Brakhage Symposium To Showcase The Avant-Garde Ken Jacobs
By its very nature, the avant-garde is not mainstream. Its purpose is to be unfamiliar, to challenge, to upset the apple cart. The avant-garde wants to perplex, to stymie, and most of all, it sets out to destroy complacency. Because film in particular is so pervasive and we're so settled in terms of how we look at it, the avant-garde has a particularly hard task.
This weekend on the CU-Boulder campus, March 6-8, 2015, there's a chance to meet one of the greatest avant-garde filmmakers and see a good selection of his work. The program is the annual Brakhage Center Symposium, named for monumental filmmaker Stan Brakhage, who spent much of his career in this area. The filmmaker is Ken Jacobs, who has been shaking up the world of cinema since 1955 and is still going strong.
In a few minutes, it's hard to give a sense of the extent and power of Jacobs' work. His famous 1960 short film Little Stabs at Happiness has its roots in New York street theater with vignettes of people stuck in their lives finding only tidbits of beauty. The 1969 feature-length Tom, Tom the Piper's Son begins with a 1905 short based on the nursery rhyme, which Jacobs then re-films and repeatedly re-shapes until you realize the tremendous complexities of your own ways of seeing.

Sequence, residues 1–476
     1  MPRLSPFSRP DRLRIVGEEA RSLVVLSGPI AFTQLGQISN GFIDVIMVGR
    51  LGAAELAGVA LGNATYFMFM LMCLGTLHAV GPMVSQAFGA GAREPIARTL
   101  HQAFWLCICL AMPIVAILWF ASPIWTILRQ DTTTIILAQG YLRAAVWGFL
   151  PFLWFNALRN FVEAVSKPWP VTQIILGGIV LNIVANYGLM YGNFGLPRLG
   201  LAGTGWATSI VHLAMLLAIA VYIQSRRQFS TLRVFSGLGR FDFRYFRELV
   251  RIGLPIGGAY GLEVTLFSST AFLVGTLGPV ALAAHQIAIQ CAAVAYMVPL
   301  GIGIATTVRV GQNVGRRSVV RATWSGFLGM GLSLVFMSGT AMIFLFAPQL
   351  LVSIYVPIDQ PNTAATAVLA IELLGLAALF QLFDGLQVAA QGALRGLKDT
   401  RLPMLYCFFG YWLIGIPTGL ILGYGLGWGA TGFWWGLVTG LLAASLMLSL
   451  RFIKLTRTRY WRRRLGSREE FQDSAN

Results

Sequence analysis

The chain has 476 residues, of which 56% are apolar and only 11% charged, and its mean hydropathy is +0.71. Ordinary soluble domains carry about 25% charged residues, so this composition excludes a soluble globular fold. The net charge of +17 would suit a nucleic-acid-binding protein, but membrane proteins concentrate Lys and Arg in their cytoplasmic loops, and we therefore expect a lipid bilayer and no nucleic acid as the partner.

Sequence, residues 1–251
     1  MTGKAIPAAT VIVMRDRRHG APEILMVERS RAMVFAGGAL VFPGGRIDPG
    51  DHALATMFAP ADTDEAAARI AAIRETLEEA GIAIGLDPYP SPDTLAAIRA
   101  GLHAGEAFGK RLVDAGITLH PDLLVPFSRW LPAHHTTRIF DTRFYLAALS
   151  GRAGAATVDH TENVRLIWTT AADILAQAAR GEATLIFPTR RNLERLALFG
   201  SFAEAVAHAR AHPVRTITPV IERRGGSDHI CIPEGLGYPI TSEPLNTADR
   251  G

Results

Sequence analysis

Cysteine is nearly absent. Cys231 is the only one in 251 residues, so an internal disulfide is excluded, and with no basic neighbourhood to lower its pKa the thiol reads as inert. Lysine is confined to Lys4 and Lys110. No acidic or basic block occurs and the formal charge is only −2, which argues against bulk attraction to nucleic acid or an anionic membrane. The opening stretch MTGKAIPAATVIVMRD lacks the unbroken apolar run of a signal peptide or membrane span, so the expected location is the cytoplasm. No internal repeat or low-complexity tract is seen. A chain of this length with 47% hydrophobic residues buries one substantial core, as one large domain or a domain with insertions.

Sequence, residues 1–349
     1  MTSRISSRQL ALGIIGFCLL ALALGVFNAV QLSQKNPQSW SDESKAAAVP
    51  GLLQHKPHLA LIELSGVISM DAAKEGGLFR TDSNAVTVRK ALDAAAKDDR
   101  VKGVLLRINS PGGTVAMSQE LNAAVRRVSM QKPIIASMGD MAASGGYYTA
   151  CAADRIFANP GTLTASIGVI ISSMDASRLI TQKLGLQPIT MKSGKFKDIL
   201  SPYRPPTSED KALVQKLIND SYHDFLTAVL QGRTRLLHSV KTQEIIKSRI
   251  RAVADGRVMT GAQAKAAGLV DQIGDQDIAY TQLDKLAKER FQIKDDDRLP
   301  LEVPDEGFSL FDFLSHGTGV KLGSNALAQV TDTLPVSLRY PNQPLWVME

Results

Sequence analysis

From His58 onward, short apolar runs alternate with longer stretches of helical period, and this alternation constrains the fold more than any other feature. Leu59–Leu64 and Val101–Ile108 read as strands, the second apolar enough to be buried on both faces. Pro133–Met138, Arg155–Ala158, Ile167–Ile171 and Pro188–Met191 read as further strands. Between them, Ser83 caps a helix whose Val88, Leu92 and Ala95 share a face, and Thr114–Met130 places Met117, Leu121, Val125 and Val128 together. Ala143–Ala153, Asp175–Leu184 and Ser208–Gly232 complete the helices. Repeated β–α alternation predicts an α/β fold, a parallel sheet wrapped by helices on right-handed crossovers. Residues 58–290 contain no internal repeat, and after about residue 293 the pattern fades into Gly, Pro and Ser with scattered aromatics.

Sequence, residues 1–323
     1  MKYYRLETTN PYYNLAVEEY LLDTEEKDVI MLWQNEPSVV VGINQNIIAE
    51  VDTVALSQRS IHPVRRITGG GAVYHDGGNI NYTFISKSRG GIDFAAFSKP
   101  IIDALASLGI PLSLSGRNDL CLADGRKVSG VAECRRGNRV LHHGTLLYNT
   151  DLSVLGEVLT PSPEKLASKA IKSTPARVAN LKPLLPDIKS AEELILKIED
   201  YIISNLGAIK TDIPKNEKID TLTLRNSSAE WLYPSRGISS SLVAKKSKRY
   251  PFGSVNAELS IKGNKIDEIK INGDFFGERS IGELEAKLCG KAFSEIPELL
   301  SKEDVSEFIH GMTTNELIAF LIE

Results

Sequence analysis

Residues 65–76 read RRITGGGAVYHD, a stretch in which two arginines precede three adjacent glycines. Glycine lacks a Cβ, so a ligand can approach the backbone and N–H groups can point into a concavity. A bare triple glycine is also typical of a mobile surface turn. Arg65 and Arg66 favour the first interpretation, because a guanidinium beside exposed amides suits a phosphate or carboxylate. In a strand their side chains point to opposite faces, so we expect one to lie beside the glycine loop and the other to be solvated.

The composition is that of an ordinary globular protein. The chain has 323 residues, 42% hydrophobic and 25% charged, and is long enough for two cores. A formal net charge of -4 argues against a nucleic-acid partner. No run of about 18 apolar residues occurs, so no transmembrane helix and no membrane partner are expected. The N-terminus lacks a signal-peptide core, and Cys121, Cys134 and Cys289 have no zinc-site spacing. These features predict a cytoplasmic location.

For the 1975 Urban Peasants, Jacobs spliced together reels of home movies in the order in which they came out of the box. So, people are old then young, alive then dead and then alive – and again you find your ways of seeing readjusted. Unlike typical narrative film, you have no idea what's coming next and you become alert to the film as you haven't been since you saw your first movies.
Jacobs often reorganizes and re-shoots found footage to show both how the old footage may have been presented originally and how you see it now. You get multiple perspectives simultaneously, and it's a unique experience. Star-Spangled to Death from 2004 is a ferocious picture more than 400 minutes long that starts with Jacob's Michael Moore-like rage about the attacks on 9-11. He prints written text about the Bush family and the Saudis over 1960s footage of street theater in New York, then cuts to documentary film about Martin and Osa Johnson who made films in Africa, Borneo and other places considered exotic by Americans in the 1920s and '30s.
With no irony, the narrator of that original film claims the Johnsons have spent three years bringing to Africans the blessings of civilization. That original material is vicious and smug, and it drives you to think about the history of how we have pictured other people on the Earth. Then comes a jokey song about dunking bagels in coffee and eating gefilte fish – these things come from Jacobs' traditions – and the more Jacobs piles on the cultural contradictions, the more you start seeing things in many different ways all at once.
The film sizzles with this range of attitudes bouncing around until your jaw just drops. Another moment pops in of 1960s street theater – Jacobs and friends over 50 years ago undulating on the pavement. The mélange of the film is funny and horrifying and simply weird. And it's brilliant.
Jacobs has taken a documentary about one thing, and completely shifted its meaning so that now it documents not just two people and their assumptions in Africa in the '30s, but a state of mind in America in the 2000s – and a lot in between.